In this report, IDFI discussed the memory politics of independent Georgia since 1991, achievements and challenges in the three basic directions – legal dimension, institutional dimension and memorial dimension. Based on the report, it can be argued that there are challenges in the three directions.
First of all, one of the most important challenges is that 80% of KGB documents were destroyed during the Tbilisi Civil War, which makes the full-scale lustration almost impossible in Georgia. Moreover, the assumptions that the part of the archives may still be preserved in Russia should be considered. This could posses particular threats for Georgia within the context of tense relations between Russia and Georgia. The existence of such documents in the hands of the Russian government can be an effective weapon for interfering in Georgia’s internal political affairs. Also, according to the information requested and received by IDFI, it can be said that the work of the “Freedom Charter” Commission is relatively vague and its effectiveness should also be questioned. an important issue. According to the information requested and received by IDFI, it can be argued that the activities of the Commission are relatively vague. Moreover, although the law foresees the participation of the members of the Parliament in the Commission, the engagement of MPs is significantly low.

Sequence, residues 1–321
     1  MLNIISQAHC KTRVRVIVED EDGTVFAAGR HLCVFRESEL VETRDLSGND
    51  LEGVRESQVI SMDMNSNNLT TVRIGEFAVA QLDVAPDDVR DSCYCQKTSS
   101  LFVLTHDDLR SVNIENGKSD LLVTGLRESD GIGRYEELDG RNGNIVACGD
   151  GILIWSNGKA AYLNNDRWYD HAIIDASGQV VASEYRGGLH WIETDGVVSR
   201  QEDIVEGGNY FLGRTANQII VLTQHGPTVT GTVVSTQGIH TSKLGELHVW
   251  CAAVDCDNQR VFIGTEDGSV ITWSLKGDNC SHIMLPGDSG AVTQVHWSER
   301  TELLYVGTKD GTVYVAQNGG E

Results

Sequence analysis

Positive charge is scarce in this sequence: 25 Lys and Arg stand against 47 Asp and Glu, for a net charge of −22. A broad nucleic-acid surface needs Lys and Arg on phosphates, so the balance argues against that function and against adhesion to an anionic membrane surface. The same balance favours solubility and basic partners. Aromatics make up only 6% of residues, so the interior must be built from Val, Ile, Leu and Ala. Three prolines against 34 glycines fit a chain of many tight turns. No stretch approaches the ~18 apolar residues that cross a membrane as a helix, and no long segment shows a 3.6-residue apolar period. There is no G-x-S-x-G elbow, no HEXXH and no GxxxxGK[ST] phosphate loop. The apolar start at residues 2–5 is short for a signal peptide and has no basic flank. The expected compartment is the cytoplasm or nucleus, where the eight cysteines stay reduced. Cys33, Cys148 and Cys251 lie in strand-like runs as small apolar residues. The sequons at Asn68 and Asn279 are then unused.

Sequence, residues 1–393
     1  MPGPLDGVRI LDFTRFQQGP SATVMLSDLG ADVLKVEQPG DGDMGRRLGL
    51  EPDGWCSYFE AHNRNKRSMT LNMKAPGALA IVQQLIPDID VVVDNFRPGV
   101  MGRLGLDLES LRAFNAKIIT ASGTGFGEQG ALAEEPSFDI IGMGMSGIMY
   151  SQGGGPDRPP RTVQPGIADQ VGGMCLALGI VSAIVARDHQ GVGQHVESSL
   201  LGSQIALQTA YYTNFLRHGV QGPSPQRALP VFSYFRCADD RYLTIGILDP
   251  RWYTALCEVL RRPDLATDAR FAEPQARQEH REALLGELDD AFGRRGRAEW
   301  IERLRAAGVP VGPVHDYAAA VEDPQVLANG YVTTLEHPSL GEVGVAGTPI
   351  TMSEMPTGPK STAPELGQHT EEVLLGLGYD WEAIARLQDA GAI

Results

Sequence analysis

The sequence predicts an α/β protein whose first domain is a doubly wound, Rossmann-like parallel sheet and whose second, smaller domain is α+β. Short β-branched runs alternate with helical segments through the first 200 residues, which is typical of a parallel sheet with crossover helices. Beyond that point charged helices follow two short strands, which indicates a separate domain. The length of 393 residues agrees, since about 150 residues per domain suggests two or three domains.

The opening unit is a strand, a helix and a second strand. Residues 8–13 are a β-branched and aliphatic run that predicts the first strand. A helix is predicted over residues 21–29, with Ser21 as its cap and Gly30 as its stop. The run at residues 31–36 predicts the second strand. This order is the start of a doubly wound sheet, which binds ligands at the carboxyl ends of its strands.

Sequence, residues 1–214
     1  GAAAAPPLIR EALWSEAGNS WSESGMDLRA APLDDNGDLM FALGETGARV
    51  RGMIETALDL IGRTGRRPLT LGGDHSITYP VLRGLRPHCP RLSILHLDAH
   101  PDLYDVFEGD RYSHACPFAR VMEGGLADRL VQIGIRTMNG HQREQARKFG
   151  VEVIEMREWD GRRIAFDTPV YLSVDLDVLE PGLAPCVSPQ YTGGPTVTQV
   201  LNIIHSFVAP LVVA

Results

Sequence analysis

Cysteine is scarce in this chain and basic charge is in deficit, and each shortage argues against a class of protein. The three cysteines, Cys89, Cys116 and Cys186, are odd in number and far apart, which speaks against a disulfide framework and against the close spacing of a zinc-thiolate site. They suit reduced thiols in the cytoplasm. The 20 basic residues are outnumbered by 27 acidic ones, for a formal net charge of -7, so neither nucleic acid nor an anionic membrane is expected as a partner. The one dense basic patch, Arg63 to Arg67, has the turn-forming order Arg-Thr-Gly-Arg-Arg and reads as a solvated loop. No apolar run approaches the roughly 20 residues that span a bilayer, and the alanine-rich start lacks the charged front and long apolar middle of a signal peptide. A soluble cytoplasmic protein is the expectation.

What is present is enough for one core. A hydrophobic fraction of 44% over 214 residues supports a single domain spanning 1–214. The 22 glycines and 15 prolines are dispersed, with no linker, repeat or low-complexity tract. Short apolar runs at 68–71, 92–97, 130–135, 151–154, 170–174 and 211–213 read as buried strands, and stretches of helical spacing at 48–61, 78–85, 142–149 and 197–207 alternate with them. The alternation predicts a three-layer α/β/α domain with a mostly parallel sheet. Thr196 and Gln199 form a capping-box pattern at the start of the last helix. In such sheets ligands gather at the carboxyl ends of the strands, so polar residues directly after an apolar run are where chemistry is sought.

Moreover, there are challenges in the direction of preventing the re-emergence of totalitarian ideologies and the spread of totalitarian symbolics in the countries. First of all, it is necessary to create a mechanism which would enable the Freedom Charter Committee at the State Security Service to reveal and abolish totalitarian symbolics in public space more effectively and timely. Also, holding active information campaigns and discussions is necessary, which would facilitate a consensus in the society based on which the totalitarian symbolic will be abolished and/or replaced.
State’s activities in the direction of commemoration and rehabilitation of the victims of Soviet repressions is especially important. IDFI considers it necessary the rights of the repressed individuals and their heirs to apply to the court and receive financial compensation abolished since January 1st, 2018, to be renewed and the amount of compensation to be increased from 1,000 GEL to 2,000 GEL. The increase of monthly subsidy for the repressed individuals from 7 GEL to 44 GEL is also important, for which IDFI continues its active campaign. Moreover, the state should ensure a full waiver of utility fees for repressed individuals and those who do not own residential property should be given a monthly allowance in the amount of full or partial rental fee. It is important that repressed individuals have access to public transport benefits. And finally, social benefit and household assistance should be based on the realistic calculation of monthly expenses and should enable the beneficiaries to meet their daily needs.